Alvan R. Feinstein, M.D., HS ’54, Sterling Professor of Medicine and Epidemiology, died of a heart attack at an awards ceremony in Toronto on October 24. He was 75. A native of Philadelphia, Feinstein received his bachelor’s degree, a master’s degree in mathematics and his doctor of medicine degree from the University of Chicago. He completed his clinical training in internal medicine at Yale and...

Alvan R. Feinstein, M.D., HS ’54, Sterling Professor of Medicine and Epidemiology, died of a heart attack at an awards ceremony in Toronto on October 24. He was 75. A native of Philadelphia, Feinstein received his bachelor’s degree, a master’s degree in mathematics and his doctor of medicine degree from the University of Chicago. He completed his clinical training in internal medicine at Yale and his research training at Rockefeller Institute. Feinstein joined the Yale faculty in 1962 and became the founding director of the Robert Wood Johnson Clinical Scholars Program at Yale in 1964. Under his direction, the program became recognized as one of the leading sites for training in the methods of clinical research. He was also the director of the clinical examination course (for second-year medical students) and created a course in quantitative clinical epidemiology (for Johnson Clinical Scholars) that was imitated throughout the country. Because of his work on the statistical analysis of clinical signs and symptoms of real patients—rather than on the historically nonclinical methods of pure statistics—Feinstein was a key figure in the establishment of the field of clinical epidemiology. His approaches and methods were reported in three books: Clinical Judgment, Clinical Epidemiology and Clinimetrics. His approaches to quantitative data were presented in three other books: Clinical Biostatistics, Multivariable Analysis and Principles of Medical Statistics. Feinstein will be remembered for his influence on the careers of over 100 fellows who trained in the clinical scholars program and others who considered him their intellectual muse.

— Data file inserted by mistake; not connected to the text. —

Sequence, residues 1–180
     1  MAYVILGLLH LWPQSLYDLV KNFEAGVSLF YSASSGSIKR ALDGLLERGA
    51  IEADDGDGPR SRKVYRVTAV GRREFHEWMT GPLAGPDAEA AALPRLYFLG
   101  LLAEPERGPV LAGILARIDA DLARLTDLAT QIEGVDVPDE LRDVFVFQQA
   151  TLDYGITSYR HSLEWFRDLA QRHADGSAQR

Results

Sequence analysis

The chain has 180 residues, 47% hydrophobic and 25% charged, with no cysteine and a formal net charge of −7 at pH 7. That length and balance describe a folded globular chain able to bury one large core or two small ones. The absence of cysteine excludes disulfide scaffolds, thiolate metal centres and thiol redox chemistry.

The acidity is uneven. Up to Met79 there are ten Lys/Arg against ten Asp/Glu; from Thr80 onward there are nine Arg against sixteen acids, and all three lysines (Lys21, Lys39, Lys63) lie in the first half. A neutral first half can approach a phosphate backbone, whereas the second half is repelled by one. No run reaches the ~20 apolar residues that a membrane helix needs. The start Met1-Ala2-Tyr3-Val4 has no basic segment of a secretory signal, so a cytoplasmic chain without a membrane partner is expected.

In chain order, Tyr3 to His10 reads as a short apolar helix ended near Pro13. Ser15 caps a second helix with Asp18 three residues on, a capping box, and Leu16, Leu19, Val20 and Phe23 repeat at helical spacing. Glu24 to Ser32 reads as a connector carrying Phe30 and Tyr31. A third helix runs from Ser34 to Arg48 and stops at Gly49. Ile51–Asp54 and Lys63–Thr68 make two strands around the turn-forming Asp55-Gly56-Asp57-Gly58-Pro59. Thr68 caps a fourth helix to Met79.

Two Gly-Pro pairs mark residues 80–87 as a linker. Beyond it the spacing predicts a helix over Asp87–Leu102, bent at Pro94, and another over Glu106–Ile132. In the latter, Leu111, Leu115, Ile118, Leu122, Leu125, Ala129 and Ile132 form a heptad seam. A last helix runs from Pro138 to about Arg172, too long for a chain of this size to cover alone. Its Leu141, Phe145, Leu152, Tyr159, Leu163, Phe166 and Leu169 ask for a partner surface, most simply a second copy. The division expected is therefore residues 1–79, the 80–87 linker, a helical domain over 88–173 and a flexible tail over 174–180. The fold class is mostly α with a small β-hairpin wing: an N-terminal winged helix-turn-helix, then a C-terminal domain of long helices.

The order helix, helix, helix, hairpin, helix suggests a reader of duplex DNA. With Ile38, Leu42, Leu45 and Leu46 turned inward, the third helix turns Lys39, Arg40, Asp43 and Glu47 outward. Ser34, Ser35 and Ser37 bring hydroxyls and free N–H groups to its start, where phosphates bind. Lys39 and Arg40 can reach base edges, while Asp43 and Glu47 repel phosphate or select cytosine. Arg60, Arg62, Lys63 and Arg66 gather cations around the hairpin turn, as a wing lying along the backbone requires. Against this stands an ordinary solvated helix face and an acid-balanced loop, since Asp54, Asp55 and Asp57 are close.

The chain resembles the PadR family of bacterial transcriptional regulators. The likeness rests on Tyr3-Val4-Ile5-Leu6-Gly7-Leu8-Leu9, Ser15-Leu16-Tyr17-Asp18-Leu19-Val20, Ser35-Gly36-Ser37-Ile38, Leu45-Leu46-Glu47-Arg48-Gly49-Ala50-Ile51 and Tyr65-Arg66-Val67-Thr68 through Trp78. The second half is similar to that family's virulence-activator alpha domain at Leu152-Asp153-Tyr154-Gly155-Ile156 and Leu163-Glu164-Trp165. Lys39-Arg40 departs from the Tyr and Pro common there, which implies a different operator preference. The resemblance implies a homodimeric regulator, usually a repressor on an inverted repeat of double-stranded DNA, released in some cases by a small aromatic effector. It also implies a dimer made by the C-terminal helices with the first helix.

Monte Nelson Frazier, M.P.H. ’65, of Colebrook, Conn., a graduate in epidemiology and public health and a veterinarian, died June 29 at the age of 76. Frazier, as noted in an obituary in The Hartford Courant, had a worldwide reputation in an esoteric specialty, the health of poultry. He parlayed a boyhood chore on his father’s Michigan farm into an international career. Frazier taught in the agriculture department of the University of Connecticut, then joined Arbor Acres Farm Inc. in Glastonbury, Conn., serving as director of poultry health for 25 years. He was an early advocate for using the highest standards of cleanliness and sanitation in order to eliminate diseases that could decimate whole flocks. He thought the best precaution was to isolate the birds from humans, other birds and animals. Frazier, known from Venezuela to India, worked for Aviagen Inc. (formerly Arbor Acres Farm Inc.), a company that does business worldwide. He logged up to 100,000 miles a year, to 35 countries in all, visiting farms and giving lectures on disease prevention. At the end of his career, Frazier lectured in Thailand to poultry experts whom he had helped train over several decades.